Intersecting Geographies of Institutions and Sovereignty
- Alexander B. MurphyAlexander B. MurphyDepartment of Geography, University of Oregon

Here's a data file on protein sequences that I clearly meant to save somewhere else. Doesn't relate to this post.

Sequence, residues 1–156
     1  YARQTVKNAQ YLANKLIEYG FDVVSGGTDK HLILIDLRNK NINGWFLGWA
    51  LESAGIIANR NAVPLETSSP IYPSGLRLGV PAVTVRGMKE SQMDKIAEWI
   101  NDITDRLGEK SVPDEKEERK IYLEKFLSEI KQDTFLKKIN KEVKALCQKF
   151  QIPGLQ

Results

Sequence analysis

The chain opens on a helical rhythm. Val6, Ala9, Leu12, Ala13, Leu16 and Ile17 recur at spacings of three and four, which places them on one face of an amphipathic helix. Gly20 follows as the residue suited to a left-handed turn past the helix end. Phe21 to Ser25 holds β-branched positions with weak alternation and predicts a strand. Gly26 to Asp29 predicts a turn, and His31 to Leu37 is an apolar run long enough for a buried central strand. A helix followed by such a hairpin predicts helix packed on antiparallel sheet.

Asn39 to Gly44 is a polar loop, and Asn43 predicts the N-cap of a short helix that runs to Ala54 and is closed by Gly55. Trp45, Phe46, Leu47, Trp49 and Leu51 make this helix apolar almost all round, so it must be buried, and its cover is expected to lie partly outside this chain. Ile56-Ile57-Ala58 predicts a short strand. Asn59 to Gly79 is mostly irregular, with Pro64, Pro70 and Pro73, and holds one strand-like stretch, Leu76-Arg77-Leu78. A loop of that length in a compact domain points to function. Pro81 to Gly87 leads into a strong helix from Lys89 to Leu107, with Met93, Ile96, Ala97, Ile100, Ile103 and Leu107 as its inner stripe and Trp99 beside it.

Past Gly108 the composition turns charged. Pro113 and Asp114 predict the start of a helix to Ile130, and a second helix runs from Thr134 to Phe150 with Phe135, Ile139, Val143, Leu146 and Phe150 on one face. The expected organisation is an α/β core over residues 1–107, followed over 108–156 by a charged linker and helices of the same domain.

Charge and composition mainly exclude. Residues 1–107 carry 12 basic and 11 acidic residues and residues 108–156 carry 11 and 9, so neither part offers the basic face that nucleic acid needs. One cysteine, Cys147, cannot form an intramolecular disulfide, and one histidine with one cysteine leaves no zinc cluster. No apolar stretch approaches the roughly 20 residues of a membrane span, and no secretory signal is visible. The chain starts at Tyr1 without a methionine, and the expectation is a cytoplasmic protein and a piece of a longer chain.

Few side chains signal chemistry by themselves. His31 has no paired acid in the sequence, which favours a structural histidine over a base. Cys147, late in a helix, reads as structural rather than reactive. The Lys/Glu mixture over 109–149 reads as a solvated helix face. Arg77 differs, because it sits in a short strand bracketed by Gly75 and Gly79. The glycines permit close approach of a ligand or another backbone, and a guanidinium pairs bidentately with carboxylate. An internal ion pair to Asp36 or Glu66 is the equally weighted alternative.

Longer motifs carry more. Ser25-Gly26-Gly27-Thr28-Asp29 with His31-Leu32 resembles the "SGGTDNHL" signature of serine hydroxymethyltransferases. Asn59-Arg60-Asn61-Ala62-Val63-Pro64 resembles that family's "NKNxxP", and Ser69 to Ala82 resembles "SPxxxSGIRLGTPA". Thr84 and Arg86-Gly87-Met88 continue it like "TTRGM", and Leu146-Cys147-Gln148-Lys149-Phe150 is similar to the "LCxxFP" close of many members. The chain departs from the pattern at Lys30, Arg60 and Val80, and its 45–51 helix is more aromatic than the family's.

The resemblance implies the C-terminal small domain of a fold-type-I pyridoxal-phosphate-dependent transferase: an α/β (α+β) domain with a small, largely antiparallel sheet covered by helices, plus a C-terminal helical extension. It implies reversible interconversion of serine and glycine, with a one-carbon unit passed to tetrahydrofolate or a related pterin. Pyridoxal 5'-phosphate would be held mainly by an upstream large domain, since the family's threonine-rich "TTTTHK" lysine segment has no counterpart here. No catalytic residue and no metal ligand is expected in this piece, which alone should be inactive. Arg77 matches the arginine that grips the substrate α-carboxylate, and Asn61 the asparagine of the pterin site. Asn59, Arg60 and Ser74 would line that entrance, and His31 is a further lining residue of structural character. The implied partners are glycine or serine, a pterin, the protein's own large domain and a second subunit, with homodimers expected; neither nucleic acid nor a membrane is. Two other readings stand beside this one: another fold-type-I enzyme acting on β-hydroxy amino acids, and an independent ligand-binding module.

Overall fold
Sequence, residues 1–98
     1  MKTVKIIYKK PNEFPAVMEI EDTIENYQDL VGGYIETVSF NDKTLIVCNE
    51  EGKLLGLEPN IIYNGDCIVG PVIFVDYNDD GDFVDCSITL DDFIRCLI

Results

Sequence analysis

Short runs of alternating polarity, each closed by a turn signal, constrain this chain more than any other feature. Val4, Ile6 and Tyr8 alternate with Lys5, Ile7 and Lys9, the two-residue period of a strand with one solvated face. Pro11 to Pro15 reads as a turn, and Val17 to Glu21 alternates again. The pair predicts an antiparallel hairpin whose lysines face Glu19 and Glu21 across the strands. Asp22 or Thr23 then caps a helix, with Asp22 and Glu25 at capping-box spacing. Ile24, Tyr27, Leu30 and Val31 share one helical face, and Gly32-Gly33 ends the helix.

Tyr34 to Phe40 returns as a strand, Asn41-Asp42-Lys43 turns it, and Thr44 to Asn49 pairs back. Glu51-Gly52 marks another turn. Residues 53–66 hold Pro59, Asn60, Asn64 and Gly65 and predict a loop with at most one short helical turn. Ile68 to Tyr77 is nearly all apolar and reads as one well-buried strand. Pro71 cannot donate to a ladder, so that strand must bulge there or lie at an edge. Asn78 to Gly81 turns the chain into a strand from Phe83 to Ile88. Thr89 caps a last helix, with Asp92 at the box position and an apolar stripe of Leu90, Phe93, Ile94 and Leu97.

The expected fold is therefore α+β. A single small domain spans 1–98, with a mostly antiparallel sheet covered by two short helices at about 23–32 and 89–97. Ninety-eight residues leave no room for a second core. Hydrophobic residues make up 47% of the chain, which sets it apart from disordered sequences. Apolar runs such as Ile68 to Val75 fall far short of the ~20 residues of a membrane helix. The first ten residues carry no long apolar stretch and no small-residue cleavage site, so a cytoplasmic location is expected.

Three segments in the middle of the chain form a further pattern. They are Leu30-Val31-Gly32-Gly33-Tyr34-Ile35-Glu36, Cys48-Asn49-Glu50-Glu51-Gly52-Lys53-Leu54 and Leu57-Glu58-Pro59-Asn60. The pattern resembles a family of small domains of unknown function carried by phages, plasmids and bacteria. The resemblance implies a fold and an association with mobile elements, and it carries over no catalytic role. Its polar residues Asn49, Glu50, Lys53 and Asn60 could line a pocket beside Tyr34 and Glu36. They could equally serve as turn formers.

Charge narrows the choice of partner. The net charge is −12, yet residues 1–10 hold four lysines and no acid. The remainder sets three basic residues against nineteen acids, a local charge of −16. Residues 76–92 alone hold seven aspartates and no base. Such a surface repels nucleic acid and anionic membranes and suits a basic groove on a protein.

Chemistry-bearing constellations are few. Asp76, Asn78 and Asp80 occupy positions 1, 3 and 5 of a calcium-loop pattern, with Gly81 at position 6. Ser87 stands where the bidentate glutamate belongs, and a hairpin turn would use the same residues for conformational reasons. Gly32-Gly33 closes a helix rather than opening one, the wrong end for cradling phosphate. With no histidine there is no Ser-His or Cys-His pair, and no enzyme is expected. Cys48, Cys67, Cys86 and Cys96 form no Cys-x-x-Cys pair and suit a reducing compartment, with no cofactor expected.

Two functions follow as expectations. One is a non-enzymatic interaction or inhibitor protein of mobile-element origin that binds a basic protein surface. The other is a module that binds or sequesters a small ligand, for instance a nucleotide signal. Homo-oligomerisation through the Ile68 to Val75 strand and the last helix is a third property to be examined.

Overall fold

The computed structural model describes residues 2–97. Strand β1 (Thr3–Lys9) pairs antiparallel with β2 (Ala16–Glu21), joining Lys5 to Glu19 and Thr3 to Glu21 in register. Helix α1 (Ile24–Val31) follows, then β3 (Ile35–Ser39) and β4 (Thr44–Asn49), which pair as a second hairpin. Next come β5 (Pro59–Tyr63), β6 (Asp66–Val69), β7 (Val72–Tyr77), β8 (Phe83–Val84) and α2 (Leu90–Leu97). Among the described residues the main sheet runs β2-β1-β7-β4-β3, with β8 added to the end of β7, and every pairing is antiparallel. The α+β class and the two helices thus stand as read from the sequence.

The concept of sovereignty developed along with the modern state system. Its institutionalization greatly influenced interactions among political-territorial entities and largely coopted the modern geographical imagination. An international system based on sovereign principles has never been realized, of course, and accelerating globalization, increased mobility, and a revolution in the technology of communication are challenging sovereignty’s functional and perceptual significance in unprecedented ways. Nonetheless, sovereignty’s de jure and conceptual impact remain strong, as evident in everything from nationalism’s continuing hold on the human imagination to the way that projects ostensibly set up to transcend the norms of the modern state system (e.g., European unification) remain closely bound to sovereign territorial ideas and understandings.